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    There's already been hundreds of papers showing that ME/CFS is different from mood disorders. We certainly don't need more money wasted on such studies merely because some people aren't willing to read the existing ones.
     
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  15. RogerBlack

    RogerBlack Senior Member

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    Not quite.
    There was a recent study n=20, looking at some immune cell I've forgotten that found exactly nothing.
    https://www.ncbi.nlm.nih.gov/pubmed/27713703
    Hmm - this is a gene expression study, not proteomics. I would be really interested to know what the proteome looked like in these cells at this time.
    Perhaps they picked a cell population that is not particularly affected by PEM.

    Or perhaps their patient population was poorly chosen.
    The patients did report PEM.
     
    Last edited: Oct 13, 2016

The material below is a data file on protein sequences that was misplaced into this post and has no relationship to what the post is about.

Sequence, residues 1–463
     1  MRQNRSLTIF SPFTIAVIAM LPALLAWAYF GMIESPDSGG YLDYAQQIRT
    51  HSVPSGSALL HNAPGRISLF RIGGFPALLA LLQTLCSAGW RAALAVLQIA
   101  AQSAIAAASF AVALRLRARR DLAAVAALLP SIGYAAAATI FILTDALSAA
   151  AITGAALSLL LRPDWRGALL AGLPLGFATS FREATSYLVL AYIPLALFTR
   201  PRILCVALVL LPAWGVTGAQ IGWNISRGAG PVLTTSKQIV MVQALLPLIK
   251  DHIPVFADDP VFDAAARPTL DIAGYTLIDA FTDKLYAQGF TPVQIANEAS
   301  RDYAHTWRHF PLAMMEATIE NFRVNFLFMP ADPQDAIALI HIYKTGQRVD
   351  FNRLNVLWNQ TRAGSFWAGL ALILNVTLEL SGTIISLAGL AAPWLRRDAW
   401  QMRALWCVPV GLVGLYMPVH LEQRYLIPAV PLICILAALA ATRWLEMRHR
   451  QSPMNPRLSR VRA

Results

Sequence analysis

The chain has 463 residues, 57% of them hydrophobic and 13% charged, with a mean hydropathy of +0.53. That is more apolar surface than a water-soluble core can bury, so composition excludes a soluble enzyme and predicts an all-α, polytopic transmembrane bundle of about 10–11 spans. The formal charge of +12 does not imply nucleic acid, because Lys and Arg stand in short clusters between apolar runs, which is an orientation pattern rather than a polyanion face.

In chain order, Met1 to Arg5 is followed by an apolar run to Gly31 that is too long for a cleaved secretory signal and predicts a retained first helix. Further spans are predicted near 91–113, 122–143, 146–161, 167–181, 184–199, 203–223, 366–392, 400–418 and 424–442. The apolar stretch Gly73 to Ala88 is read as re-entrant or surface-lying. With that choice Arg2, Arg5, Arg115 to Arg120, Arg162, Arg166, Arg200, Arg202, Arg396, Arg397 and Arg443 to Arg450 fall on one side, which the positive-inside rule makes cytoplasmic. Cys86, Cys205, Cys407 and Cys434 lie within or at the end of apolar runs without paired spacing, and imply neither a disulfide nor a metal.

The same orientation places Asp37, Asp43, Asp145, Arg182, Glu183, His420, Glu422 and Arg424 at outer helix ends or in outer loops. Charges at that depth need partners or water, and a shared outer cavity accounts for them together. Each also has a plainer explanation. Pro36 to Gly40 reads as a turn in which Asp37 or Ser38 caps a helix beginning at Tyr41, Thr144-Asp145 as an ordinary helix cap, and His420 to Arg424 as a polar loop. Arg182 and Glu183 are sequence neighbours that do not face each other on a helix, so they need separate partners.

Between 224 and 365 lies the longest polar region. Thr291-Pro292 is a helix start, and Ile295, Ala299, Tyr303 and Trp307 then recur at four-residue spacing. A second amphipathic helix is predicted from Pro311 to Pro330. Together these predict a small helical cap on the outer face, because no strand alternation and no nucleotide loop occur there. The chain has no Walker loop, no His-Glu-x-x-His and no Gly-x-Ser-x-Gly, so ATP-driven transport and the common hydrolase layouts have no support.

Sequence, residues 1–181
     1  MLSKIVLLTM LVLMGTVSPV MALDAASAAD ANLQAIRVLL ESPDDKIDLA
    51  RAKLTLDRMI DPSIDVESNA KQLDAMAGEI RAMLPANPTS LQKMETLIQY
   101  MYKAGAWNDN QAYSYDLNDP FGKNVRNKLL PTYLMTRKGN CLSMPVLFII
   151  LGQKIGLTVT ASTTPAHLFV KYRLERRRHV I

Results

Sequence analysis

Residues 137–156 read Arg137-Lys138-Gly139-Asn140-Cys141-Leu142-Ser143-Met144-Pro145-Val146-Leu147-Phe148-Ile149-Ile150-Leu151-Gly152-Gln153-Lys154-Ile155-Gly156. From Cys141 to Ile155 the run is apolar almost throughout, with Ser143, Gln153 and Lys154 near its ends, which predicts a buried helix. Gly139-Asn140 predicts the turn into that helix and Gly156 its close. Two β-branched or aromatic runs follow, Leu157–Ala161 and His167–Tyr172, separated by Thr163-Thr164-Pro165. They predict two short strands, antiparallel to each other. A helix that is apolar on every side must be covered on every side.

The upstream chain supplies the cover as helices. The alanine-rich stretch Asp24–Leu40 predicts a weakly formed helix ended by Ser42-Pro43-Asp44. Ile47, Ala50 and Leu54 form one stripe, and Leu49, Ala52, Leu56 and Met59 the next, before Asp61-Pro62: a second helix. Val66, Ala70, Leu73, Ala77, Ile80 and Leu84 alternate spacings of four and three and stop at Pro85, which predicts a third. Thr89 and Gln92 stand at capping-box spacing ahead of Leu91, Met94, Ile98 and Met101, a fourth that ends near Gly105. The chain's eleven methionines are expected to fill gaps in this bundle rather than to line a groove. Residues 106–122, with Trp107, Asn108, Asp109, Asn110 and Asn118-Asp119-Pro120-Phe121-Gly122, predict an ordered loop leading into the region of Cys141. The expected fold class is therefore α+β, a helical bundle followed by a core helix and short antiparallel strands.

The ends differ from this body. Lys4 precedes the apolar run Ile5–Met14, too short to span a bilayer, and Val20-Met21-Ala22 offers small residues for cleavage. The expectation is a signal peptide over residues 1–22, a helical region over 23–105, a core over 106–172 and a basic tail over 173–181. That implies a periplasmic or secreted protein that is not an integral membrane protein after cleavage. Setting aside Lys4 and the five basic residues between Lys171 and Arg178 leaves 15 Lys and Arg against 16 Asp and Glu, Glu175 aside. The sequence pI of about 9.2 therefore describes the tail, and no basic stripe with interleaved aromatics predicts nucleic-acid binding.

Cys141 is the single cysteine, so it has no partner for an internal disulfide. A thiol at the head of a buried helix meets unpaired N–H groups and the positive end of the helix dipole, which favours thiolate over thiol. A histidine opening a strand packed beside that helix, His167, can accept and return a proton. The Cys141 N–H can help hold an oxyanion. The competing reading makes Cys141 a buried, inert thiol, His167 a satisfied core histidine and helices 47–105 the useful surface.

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  16. halcyon

    halcyon Senior Member

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    I believe they used the same cell types (PBMCs) as Light et al., which that study failed to reproduce.
     
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  17. Navid

    Navid Senior Member

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    Does this paper allow any of you brainy science ppl to draw any conclusions as to what supplements may be useful in overcoming the deficiencies found in the study. I know grasping at straws again, but that's where life has lead me these days. Thanks to anyone who might have some ideas.

    :vomit:
     
  18. FMMM1

    FMMM1

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    Not a brainy science person but listen in to Armstrong's webinar (is that the word) it's available now, he deals with issue of supplements late on in the talk. First things first, you need to know that you have the biochemical abnormality (crebbs cycle - glycolysis - whatever it's called).
    Interestingly Armstrong used NMR for his recent work I.e a different technique from the other studies which used Mass Spectrometry. He reckons that his work, Naviau's recent paper, mitochondria proteomics paper from folks in Pisa and this paper are all on the same page. This may be complex but at least there is agreement re problem. Interestingly Armstrong looks at links to sepsis.
    Re focus on patient selection criteria; we seem to be looking at a diagnostic blood test and leaving the collection of symptoms behind - good in my view.
    We need to get to try to get these blood based diagnostic tests delivered.